Legal awards winners may give quality service, but there was merit in the former rule of not presenting yourself as better than your competitors

As I write this in January, the 2014 legal awards season is already fast approaching, but there is little danger of my tuxedo requiring a press this year. I am not in the running for any accolades. Please don’t feel sorry for me. You see, I didn’t nominate myself or my firm for any awards. I didn’t complete, or instruct my marketing department to complete, a rainforest-worrying entry form espousing my many unique, innovative qualities, and I certainly didn’t spend more than £1,000 reserving a table for 10 at the glitzy ceremony where the gongs will be dished out to the great and the good.

I am simply not convinced that there is any inherent merit in receiving an award that you have to ask for and (albeit indirectly) pay for yourself. Moreover, I wonder if any firm can truly be the “Firm of the Year” if only a tiny fraction of those eligible to do so actually enter the contest.

Don’t misunderstand me. I would not for one second wish to detract from the fantastic efforts and achievements of winners past, present and future. Rigorous judging by the crème de la crème of our profession and others has ensured, and will doubtlessly continue to ensure, that all of the award winners are unquestionably the best of the award entrants. Beyond that, however, it is all surely just marketing hyperbole. There is nothing wrong with a bit of shameless self promotion, and if charities can benefit from funds raised at award ceremonies along the way, then that is all to the good. Corporate social responsibility brownie points all round!

However, when all is said and done, let us not pretend that the rationale underpinning a firm’s decision to throw its hat into the awards ring is anything other than pecuniary. A winner’s rosette on headed notepaper is a powerful marketing tool. Add a grandiose title – preferably with national connotations – and superiority can be asserted, if not actually demonstrated, over all of a firm’s competitors – even those who were not narcissistic enough to self-nominate in the first place. For me, therein lies the rub.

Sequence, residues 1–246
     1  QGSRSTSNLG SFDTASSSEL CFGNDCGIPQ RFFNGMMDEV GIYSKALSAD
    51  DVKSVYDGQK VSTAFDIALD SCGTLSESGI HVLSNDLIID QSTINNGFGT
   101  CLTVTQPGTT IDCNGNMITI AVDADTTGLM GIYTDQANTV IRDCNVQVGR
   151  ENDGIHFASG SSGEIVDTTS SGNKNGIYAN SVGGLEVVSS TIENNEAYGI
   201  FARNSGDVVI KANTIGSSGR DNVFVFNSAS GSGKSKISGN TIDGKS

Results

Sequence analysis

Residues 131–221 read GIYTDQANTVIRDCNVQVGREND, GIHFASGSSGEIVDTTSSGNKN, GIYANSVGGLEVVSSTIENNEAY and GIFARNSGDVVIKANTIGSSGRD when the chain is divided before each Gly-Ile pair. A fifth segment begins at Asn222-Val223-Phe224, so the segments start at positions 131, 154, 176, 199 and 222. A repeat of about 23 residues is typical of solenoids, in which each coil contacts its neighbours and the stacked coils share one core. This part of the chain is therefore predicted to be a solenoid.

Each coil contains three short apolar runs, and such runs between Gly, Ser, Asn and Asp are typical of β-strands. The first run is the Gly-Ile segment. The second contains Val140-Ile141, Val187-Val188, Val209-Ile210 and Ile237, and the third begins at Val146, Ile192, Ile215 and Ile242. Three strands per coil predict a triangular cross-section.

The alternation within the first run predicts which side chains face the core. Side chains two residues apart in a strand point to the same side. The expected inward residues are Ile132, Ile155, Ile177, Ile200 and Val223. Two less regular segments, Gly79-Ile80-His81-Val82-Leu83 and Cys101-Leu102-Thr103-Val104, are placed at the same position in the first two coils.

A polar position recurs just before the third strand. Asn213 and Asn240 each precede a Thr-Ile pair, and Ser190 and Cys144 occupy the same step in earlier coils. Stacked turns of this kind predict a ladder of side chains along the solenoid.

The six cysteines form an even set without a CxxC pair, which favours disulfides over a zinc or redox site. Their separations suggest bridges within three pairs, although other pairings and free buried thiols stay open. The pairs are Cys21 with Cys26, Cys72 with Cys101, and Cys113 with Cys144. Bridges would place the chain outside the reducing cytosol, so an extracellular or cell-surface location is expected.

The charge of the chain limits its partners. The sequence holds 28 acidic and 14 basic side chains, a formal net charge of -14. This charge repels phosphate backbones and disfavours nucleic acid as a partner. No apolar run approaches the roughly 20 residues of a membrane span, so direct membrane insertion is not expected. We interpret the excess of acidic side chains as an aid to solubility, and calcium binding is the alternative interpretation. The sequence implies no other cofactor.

Until comparatively recently, solicitors were prohibited from claiming superiority for their services or practices over those offered by others within the profession. They could tell people that their firms were great, but not that they were the greatest. Practices withered or bloomed on the quality of their own client propositions, not by thumbing their noses at the firms across the road. To my mind, notwithstanding that it is perhaps commercially naive to do so, there is something rather dignified, and dare I say “professional”, about adhering to these old standards of conduct, even if they are no longer mandatory.

I wince when I receive correspondence from firms with letterheads or email signatures so festooned with award baubles and plaudits that it is hard to decipher who is actually writing to me. I am surely not alone in finding such gaudy displays of corporate peacocking neither impressive, informative nor intimidating. Indeed, when they hark back to glories of bygone eras (Scottish Technology Firm of the Year 2001) they are almost rather sad, like a balding gentleman combing over the remaining strands of his hair to hide his ruddy pate.

Other than for commercial gain, I fail to see why any solid, reputable solicitor or law firm would feel the need to prostrate themselves before a judging panel in order to win some trinket or token of public validation. A collection of happy clients and a healthy balance sheet should be a sufficient reward for any practitioner competently executing his or her duties.

Of course, I don’t know a single solicitor who only “does their job”. Without exception, everyone I have ever worked for or with has at some time or another made great personal sacrifices for their clients or gone the proverbial extra mile to get a job done.

They have done this without fuss or fanfare and with no expectation that their diligence and dedication would be recognised. Occasionally, if they are very lucky, they may be surprised by an unsolicited thank you card or small gift from a grateful client in appreciation of the excellent services rendered. When received, these are the awards that really matter. These are the awards that should be treasured.

The Author
Campbell Read is a partner in Stewart Balfour & Sutherland, Campbeltown
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